Illustration by Pablo Lobato
Illustration: Pablo Lobato

Honestly, I didn’t think the Big Energy IV drip that I received at Lume Wellness in River North did anything at all until I found myself — quite unexpectedly — having vigorous sex with a new date at 2 o’clock the next morning. Coincidence? Or did injecting vitamins directly into my veins actually restore my joie de vivre?

Sixteen hours earlier, I strode into Lume thinking it strange anyone would willingly get an IV. I’d only had them while giving birth and undergoing a bunionectomy. Both unpleasant but necessary. And covered by insurance. My best friend, Jena, assures me over text that this $165 indulgence will leave me feeling great. Jena is into things like jade eggs for one’s vagina, pricey supplements, and testing her poop’s “levels.” I’m skeptical — isn’t “wellness” just diet culture with a better marketing plan?

You can’t wear shoes at Lume, which is how you know this is more “spa” than “medical office.” There’s an awkward moment when I’m taking off my boots while precariously holding on to the reception desk and trying to decide which nutrient-filled cocktail  to inject into my bloodstream: one for hydration, muscle health, immunity, skin, or brain power? I choose the energy drip because it’s “ideal for anyone who’s feeling rundown from their day-to-day life. Travelers, workaholics, moms on the go — we’re looking at you.” I feel seen.

My nurse, Suzie, takes my vitals and then pokes around in my arm with a gigantic needle for approximately 18 years, and I do not like it one bit. Finally, she secures the needle, and a small tube fills up with my blood. She transfers me to a cozy cubicle to IV in peace. There are a lot of pillows, a shelf for my Starbucks, and a plug for my phone. While Suzie secures my IV bag on a tasteful wooden pole, I kick back with Little Women. But then reading Little Women while receiving a spa IV makes me feel guilty — I hardly think the pious March sisters would approve of something so Kardashian — so I check my email instead. My arm feels cold and like there’s a big needle stuck in it.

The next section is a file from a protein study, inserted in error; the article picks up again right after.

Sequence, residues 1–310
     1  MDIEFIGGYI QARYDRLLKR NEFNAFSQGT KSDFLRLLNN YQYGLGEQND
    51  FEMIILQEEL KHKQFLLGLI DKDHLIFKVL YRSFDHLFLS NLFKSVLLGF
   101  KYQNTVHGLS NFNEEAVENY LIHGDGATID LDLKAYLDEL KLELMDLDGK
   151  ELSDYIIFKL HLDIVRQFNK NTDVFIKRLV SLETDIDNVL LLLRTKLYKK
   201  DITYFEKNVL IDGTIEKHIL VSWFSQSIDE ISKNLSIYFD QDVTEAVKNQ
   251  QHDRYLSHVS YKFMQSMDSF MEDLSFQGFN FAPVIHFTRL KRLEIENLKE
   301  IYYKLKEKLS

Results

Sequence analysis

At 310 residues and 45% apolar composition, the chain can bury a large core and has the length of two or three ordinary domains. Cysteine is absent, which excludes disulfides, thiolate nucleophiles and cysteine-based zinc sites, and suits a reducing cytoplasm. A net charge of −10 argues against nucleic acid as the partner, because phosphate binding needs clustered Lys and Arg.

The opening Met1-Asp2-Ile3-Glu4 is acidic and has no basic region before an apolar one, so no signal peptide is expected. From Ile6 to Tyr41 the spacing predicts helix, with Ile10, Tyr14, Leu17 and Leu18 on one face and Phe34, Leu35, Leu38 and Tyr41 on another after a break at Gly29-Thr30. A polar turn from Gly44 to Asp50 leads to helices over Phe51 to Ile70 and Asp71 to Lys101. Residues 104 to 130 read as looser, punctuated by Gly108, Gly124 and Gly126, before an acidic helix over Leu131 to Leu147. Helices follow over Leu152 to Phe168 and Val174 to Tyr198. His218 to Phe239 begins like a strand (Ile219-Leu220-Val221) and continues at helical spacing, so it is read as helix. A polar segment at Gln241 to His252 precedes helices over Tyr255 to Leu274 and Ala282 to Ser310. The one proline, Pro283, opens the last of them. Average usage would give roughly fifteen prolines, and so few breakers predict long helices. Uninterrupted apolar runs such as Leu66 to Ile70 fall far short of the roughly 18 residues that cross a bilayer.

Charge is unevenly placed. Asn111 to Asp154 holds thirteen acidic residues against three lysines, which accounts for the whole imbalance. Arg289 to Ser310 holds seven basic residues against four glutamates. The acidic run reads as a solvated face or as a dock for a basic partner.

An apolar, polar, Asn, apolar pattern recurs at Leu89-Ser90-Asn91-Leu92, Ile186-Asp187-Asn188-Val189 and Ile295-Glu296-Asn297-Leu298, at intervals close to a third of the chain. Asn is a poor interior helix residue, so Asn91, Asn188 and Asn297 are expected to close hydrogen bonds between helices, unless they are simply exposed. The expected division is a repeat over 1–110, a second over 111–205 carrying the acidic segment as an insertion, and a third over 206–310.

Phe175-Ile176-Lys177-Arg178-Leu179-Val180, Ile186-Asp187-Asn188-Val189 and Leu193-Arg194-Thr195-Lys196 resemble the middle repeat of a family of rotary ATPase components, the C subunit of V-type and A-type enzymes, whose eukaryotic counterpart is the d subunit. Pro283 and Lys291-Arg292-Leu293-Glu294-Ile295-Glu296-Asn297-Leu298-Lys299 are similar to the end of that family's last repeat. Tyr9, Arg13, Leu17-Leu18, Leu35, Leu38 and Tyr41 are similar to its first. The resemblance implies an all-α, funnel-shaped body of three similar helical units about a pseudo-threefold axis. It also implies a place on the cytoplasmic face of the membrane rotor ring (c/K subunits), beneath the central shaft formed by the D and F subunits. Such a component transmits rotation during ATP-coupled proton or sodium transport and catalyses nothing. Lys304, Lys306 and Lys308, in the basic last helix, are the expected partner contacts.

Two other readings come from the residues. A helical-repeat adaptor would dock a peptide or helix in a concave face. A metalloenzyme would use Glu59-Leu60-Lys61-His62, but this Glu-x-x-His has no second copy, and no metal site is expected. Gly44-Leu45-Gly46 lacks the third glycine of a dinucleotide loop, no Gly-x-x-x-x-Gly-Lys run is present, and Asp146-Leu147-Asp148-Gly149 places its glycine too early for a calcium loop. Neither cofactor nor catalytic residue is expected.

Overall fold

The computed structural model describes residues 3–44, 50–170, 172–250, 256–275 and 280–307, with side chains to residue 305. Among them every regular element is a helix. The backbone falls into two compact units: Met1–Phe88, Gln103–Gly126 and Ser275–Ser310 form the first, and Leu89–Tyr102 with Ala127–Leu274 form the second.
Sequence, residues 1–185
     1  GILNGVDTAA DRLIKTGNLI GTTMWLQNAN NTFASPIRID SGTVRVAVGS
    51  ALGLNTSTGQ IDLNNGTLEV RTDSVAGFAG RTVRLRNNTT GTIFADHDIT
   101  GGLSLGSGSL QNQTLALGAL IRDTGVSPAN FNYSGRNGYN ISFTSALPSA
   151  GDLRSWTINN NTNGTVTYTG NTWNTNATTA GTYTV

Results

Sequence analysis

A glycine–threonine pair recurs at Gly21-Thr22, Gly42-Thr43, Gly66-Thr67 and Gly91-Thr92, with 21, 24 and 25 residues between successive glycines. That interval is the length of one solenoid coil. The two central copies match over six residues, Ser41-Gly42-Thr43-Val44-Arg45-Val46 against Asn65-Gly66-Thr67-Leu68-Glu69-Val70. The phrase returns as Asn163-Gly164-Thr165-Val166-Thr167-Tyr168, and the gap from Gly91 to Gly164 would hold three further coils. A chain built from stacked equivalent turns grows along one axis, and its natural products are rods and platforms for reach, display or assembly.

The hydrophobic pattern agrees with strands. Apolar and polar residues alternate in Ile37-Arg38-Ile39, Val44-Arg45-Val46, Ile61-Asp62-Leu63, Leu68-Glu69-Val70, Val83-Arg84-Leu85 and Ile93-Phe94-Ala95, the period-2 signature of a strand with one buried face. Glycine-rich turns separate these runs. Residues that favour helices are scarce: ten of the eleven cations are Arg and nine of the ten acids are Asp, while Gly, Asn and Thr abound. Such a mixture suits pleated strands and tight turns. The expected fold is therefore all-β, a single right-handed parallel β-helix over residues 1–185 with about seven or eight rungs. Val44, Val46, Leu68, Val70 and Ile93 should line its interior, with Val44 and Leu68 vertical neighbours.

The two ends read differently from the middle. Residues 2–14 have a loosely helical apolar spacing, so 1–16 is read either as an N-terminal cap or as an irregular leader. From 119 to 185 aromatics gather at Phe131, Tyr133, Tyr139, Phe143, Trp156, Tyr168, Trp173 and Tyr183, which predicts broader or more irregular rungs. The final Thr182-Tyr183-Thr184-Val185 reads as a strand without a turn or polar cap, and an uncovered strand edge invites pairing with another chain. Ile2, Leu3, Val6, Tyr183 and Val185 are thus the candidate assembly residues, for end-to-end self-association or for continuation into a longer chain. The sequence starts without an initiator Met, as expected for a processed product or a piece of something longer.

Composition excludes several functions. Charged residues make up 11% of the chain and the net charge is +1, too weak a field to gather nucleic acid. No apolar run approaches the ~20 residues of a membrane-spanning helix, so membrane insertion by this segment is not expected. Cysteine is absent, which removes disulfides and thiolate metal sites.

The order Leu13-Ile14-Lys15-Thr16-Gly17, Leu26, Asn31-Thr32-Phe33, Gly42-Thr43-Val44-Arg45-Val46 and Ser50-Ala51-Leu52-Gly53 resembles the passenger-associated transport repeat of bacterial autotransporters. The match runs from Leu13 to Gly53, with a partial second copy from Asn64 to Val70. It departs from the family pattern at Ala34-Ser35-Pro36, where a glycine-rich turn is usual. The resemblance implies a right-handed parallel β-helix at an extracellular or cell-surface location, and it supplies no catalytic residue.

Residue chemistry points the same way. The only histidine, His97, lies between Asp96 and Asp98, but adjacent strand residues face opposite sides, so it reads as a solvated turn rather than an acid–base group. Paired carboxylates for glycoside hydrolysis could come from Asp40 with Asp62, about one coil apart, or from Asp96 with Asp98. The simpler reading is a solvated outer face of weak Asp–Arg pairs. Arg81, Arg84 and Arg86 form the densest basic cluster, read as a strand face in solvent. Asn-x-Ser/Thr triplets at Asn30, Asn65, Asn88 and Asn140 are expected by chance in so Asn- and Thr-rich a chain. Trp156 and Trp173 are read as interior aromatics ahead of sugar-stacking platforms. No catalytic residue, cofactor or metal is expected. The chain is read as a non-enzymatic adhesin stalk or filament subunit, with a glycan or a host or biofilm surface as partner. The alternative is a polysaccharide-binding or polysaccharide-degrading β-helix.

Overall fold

After about 45 minutes, my body is done sucking up its new resources. Suzie claims I’ll feel the effects immediately and, depending on my metabolism, they’ll last two to three weeks. As if some vitamins could kick this hard-earned middle-aged malaise. I leave Lume with a bloody bandage taped to my arm, and by 2 p.m. I’m tired. By 3 I’m stopping at Starbucks. By 7 I’m wide awake — have the vitamins finally hit or is it the arrival of my new beau? By 9 I’m laughing more than I have in months, by 11 I’m enjoying late-night tacos, and by 1 a.m. I’m taking my clothes off with the zest of a 25-year-old SoulCycle instructor.

Afterward, I ask him if he thinks the IV contributed to our success as first-time lovers. He says he thinks he definitely benefited from my spa experience, and we both sigh, content. With my time as a Gwyneth Paltrow cosplayer over, we make plans for another all-night party, and because he’s perfect, he understands that means from 7 to 9 p.m., like normal people who have to work in the morning with only a trenta unsweetened black iced tea to get them going.